It’s no news that science and technology have advanced so much and they have eaten deep into everything that we do everyday. They have roots buried from the simplest to the most complicated aspect of our activities. This is not the first time we’re hearing about surgical robots carrying out operations in the theatre but I could say, that this is the first time we’re having one this tiny work on someone.
Surgical robots are often big with different instruments attached to them, they’re quite complicated and expensive and so are impractical for small practices.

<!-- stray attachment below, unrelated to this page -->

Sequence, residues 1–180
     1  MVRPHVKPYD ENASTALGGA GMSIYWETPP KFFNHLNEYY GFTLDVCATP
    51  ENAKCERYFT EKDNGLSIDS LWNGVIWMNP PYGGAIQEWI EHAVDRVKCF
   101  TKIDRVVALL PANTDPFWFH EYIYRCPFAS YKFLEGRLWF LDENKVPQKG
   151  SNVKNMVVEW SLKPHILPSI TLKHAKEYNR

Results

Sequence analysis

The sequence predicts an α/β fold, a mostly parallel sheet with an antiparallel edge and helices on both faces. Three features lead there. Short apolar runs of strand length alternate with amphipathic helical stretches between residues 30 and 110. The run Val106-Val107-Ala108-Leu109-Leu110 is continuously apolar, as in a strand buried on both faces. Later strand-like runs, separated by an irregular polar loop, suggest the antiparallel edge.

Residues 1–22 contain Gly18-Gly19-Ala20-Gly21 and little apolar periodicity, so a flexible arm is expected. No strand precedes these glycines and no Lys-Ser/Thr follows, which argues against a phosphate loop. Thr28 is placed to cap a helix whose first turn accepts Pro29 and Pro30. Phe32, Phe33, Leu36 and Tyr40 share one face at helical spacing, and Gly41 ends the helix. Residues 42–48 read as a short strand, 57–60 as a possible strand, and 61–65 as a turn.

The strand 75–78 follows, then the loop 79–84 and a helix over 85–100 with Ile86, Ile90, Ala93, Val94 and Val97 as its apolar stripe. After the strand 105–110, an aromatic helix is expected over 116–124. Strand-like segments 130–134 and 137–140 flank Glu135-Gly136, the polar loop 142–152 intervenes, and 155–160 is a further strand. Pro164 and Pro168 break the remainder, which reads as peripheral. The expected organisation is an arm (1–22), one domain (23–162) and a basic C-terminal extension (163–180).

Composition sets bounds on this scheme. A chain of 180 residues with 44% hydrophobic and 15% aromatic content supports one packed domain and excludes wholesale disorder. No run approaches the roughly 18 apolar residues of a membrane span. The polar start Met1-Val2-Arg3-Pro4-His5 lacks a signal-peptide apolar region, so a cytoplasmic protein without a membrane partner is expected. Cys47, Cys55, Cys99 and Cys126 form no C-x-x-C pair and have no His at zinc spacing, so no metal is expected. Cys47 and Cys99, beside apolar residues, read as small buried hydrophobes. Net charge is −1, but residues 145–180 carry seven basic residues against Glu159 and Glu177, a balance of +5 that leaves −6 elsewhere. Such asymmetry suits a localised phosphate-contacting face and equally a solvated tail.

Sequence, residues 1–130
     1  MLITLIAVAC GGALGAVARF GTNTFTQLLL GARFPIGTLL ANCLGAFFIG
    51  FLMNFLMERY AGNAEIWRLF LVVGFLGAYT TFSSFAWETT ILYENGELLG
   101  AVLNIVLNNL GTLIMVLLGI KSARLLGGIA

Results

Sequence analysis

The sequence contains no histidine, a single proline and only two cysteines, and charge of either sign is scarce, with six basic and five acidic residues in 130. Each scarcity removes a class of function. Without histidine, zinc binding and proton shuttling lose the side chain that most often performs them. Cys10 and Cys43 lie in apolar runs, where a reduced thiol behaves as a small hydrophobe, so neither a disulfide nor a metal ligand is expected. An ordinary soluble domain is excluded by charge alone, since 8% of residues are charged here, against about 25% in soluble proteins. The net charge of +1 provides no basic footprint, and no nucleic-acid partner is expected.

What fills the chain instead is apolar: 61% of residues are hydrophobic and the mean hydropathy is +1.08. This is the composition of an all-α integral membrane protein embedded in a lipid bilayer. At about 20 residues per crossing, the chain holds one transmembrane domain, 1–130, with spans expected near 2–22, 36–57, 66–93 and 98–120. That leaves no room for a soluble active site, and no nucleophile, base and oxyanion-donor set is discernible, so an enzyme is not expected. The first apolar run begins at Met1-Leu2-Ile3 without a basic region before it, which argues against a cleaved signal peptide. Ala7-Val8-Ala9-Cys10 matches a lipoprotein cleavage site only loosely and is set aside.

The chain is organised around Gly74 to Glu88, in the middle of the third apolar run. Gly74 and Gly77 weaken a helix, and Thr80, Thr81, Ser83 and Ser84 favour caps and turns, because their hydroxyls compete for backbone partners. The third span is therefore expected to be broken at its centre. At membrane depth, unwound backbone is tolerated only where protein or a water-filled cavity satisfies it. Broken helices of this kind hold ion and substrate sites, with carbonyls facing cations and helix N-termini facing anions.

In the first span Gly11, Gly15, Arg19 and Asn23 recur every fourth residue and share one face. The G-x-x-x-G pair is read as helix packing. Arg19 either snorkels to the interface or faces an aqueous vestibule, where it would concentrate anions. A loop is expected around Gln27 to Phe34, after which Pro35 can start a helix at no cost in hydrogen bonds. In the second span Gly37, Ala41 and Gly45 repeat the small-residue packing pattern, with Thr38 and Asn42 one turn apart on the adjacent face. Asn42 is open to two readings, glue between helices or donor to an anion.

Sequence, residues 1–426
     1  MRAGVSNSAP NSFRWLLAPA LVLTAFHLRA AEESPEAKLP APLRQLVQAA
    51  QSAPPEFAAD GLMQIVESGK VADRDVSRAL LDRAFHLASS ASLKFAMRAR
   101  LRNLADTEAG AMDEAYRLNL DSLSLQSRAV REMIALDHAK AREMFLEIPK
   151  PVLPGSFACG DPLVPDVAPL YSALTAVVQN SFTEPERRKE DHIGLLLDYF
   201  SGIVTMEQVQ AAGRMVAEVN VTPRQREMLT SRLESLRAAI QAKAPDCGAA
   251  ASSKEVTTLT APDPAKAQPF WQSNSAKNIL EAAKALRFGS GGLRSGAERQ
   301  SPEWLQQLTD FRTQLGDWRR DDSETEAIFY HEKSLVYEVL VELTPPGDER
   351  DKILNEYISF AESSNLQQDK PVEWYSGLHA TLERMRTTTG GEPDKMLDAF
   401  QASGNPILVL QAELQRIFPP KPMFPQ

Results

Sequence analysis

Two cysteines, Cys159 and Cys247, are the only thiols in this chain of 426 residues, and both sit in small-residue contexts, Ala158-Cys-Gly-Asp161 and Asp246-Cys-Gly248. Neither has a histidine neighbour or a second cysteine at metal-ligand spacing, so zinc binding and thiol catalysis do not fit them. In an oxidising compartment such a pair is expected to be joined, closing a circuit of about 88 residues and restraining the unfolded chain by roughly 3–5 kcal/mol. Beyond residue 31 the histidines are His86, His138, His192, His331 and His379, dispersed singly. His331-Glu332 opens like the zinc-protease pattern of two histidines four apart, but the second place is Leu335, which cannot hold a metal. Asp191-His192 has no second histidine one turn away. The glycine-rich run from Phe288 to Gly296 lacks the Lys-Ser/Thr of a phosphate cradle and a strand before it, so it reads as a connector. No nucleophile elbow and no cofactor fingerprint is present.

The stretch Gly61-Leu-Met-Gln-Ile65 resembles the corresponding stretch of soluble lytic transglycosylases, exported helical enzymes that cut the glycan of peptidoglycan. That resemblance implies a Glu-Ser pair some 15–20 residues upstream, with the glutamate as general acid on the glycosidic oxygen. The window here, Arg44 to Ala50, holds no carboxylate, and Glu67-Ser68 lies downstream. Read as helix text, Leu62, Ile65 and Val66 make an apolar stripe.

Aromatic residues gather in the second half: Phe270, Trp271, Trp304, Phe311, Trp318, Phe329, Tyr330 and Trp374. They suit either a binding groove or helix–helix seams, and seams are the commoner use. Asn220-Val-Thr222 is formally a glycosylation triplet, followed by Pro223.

Axsis was created to perform cataract surgery. It has tiny, flexible, worm-like arms and it’s controlled by joysticks, these provide feedback. It also has an internal algorithmic autopilot which theoretically prevents the surgeon piloting it from making inexcusable mistakes. This robot can also be useful in other procedures in which great dexterity is required.
Cataract surgery is the removal of the natural lens of the eye (also called “crystalline lens”) that has developed an opacification, which is referred to as a cataract. Metabolic changes of the crystalline lens fibers over time lead to the development of the cataract and loss of transparency, causing impairment or loss of vision.